The New York Times

Campaign Donations and Political Corruption

By: Editorial Board

In a deeply worrisome move, the Supreme Court on Tuesday agreed to hear a new campaign finance lawsuit that challenges long-established federal caps on the total amount an individual can contribute to federal campaigns in a two-year cycle. In a ruling last year, a special court in Washington correctly upheld those limits, which in some form have been included in federal law since 1974.

If the justices were to overturn that decision, it would be the first time that the court has struck down a contribution limit as unconstitutional. That would eliminate an essential tool in combating the corrupting effects of money in politics.

Since the court’s landmark 1976 ruling in Buckley v. Valeo, it has made a distinction between limits on independent spending by corporations and unions on political campaigns, which it has in various forms found unconstitutional, and limits on direct contributions to campaigns by individuals, which it has largely upheld to prevent corruption or the appearance of it in politics.

This latest case threatens to demolish even the modest control that government has over direct contributions. In McCutcheon v. Federal Election Commission, Shaun McCutcheon, a political activist in Alabama, contributed to 16 different candidates in federal races in 2011-12. He also contributed to the Republican National Committee, the National Republican Senatorial Committee, the National Republican Congressional Committee, a committee called the Senate Conservatives Fund and the federal committee of the Alabama Republican Party.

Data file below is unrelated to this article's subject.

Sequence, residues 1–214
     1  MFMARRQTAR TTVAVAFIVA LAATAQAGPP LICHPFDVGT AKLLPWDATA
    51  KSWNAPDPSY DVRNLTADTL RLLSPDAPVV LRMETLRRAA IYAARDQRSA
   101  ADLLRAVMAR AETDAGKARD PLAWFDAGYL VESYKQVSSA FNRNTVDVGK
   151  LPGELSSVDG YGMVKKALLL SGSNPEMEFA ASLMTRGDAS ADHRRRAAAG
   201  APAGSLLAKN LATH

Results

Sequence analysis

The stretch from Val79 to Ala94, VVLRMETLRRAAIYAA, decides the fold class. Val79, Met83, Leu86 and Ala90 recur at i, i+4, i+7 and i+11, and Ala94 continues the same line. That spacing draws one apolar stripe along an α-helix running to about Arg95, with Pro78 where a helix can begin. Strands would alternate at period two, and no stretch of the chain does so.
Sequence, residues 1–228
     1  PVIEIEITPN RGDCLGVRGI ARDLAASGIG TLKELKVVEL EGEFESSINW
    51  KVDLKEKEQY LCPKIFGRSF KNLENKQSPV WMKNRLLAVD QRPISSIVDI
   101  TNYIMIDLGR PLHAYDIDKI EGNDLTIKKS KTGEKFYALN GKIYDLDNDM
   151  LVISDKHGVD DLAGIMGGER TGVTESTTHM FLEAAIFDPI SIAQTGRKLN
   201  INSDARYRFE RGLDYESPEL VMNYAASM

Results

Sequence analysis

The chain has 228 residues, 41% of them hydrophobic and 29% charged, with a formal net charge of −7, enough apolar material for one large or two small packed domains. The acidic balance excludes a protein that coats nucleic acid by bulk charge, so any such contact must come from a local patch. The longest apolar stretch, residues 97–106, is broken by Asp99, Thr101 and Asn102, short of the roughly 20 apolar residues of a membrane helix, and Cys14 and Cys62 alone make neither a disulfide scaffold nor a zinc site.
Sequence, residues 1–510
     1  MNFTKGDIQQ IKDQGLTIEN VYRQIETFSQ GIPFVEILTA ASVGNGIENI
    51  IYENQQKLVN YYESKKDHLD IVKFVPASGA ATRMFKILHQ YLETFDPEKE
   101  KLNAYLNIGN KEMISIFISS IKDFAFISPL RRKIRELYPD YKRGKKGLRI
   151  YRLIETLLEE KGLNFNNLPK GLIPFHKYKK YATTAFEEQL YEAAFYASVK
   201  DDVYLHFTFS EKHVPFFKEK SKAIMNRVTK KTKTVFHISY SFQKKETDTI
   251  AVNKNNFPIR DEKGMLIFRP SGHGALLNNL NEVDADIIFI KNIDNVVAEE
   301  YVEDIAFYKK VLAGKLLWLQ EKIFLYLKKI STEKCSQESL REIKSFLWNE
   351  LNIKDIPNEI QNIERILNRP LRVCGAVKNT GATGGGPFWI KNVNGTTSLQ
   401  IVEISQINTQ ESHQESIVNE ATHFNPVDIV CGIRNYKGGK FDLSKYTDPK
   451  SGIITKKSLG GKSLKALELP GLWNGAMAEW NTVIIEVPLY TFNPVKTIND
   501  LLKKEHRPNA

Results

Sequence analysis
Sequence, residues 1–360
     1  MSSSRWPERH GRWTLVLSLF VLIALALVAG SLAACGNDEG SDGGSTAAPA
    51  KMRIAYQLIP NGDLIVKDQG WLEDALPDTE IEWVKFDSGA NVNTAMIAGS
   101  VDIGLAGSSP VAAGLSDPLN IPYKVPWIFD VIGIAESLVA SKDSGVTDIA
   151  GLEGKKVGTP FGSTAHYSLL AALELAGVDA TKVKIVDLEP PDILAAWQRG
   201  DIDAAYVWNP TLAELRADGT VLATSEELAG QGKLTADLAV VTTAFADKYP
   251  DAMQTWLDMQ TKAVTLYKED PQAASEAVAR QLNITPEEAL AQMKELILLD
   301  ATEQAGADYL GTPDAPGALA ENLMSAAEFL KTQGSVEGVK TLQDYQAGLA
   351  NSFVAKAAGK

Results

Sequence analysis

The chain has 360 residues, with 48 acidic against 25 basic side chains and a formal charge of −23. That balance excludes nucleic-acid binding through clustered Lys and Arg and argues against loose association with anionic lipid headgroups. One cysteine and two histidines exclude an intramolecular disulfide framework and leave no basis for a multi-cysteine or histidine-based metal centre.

But he had wanted to donate to 12 other candidates and to contribute up to $25,000 to each of the Republican organizations. Doing so would have violated the overall caps in a two-year cycle — $46,200 on contributions to candidates and their committees and $70,800 on contributions to other political committees. Mr. McCutcheon and his allies are not challenging the limits on contributions to individuals, like $2,500 per election to any candidate. Instead, they contend that aggregate limits are too low and that the caps in general are simply unconstitutional.

Since they did not challenge the individual limits, the court in Washington said that those are “valid expressions of the government’s anticorruption interest.” But without the overall limits, the court said, individuals will find ways to make large contributions to candidates, who “will know precisely where to lay the wreath of gratitude.” To avoid that problem, the court held that Congress has the power to impose those broader limits.

The 2010 Citizens United decision and other rulings since have allowed unlimited independent spending by corporations and unions and individual contributions to political action committees to flow into political campaigns. But, in Citizens United, the court chose not to review limits on contributions.

This case is the first since that ruling for the court to address the constitutionality of caps on donations. It can either recognize the difference between independent spending and contributions or blow up a central piece of what remains of campaign finance regulation.

In reviewing this case, the Supreme Court justices should heed the central message of the Buckley v. Valeo decision. “Congress was surely entitled to conclude,” the court wisely said, that overall limits on contribution are needed “to deal with the reality or appearance of corruption inherent in a system permitting unlimited financial contributions, even when the identities of the contributors and the amounts of their contributions are fully disclosed.”